In addition, Stanley complains that the court instructed in terms of "intended use" rather than "foreseeable use" and "foreseeable misuse." Her contention is without merit. The court need not instruct upon matters not presented by the evidence. See Schneider v. Richardson, 438 A.2d 896, 897 (Me. 1981); Michaud v. Steckino, 390 A.2d 524, 534 (Me. 1978); Towle, 310 A.2d at 266. There is no evidence in this case that the defendants' trailer was being used in any way other than for its "intended" use. As we construe the concept of "foreseeable misuse," it is not intended as a justification or condonation of a plaintiff's possible contributory negligence. See Orr v. First National Stores, Inc., 280 A.2d 785, 792 (Me. 1971).

The entry is:

Judgment affirmed.

All concurring.

APPENDIX A

APPENDIX B

1. The proper procedure would have been to amend the complaint to include Marlette. See S.H. Nevers Corp. v. Husky Hydraulics, Inc., 408 A.2d 676, 679 (Me. 1979).

2. By pretrial order the parties had been instructed to brief the issues raised by the defendants' motions to dismiss. No one complied. We vigorously condemn this disregard of a pretrial order by both sides which is tantamount to waiving objection to any ruling the trial court might make.

3. Although the court also dismissed the claim based on implied contract, Stanley does not complain of that dismissal. We, therefore, treat the issue as waived on appeal.

4. The only sale that occurred was between Marlette and Schiavi. Because lack of privity is no defense in breach of implied warranty actions, see 11 M.R.S.A. § 2-318 (Supp. 1982-1983), the plaintiff could maintain such an action against Marlette. The plaintiff, however, never made a breach of warranty claim against Marlette.

5. Section 2-314 provides:

(1) Unless excluded or modified by section 2-316, a warranty that the goods shall be merchantable is implied in a contract for their sale if the seller is a merchant with respect to goods of that kind. Under this section the serving for value of food or drink to be consumed either on the premises or elsewhere is a sale.

(2) Goods to be merchantable must at least be such as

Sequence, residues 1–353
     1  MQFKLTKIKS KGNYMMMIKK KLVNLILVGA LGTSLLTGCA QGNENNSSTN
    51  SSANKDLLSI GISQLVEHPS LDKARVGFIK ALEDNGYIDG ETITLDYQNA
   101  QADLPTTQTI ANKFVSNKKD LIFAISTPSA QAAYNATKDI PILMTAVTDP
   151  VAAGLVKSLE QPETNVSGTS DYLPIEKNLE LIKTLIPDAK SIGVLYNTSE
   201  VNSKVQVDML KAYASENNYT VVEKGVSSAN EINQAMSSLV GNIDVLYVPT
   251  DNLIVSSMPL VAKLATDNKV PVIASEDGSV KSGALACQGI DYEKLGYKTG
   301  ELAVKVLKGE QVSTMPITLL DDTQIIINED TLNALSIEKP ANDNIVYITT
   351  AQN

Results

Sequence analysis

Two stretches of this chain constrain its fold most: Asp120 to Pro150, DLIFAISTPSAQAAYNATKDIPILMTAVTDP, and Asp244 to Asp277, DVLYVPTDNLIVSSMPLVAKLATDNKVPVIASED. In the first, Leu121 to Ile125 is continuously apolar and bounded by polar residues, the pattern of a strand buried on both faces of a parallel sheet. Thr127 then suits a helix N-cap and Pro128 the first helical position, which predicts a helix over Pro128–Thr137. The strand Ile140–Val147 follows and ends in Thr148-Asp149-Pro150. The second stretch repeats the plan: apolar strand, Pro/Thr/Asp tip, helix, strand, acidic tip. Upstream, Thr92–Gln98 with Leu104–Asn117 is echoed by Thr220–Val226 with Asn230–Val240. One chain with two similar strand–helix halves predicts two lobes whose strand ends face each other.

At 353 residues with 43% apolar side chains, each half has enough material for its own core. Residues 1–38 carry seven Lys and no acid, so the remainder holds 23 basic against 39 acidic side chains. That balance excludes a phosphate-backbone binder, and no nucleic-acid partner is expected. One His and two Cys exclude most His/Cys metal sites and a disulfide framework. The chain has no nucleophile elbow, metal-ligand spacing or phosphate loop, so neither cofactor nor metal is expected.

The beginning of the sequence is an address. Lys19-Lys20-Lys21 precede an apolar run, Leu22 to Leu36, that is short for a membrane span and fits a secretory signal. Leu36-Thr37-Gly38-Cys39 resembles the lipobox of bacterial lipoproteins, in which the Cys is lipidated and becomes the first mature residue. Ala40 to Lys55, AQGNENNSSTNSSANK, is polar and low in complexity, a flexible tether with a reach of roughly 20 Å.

(a) Pass without objection in the trade under the contract description; and

(b) In the case of fungible goods, are of fair average quality within the description; and

(c) Are fit for the ordinary purposes for which such goods are used; and

(d) Run, within the variations permitted by the agreement, of even kind, quality and quantity within each unit and among all units involved; and

(e) Are adequately contained, packaged and labeled as the agreement may require; and

(f) Conform to the promises or affirmations of fact made on the container or label if any.

(3) Unless excluded or modified by section 2-316, other implied warranties may arise from course of dealing or usage of trade. Section 2-315 provides:

Where the seller at the time of contracting has reason to know any particular purpose for which the goods are required and that the buyer is relying on the seller's skill or judgment to select or furnish suitable goods, there is, unless excluded or modified under section 2-316, an implied warranty that the goods shall be fit for such purpose.

6. Section 221 provides in full:

One who sells any goods or products in a defective condition unreasonably dangerous to the user or consumer or to his property is subject to liability for physical harm thereby caused to a person whom the manufacturer, seller or supplier might reasonably have expected to use, consume or be affected by the goods, or to his property, if the seller is engaged in the business of selling such a product and it is expected to and does reach the user or consumer without significant change in the condition in which it is sold. This section applies although the seller has exercised all possible care in the preparation and sale of his product and the user or consumer has not bought the product from or entered into any contractual relation with the seller.

7. We do not imply that the status of seller cannot arise prior to the consummation of a sale or transfer of title. We hold only that, on the facts as alleged in this case, Schiavi had not become a seller of the mobile home.

8. At oral argument, Stanley stated that no additional evidence would have been introduced to support the strict liability claim.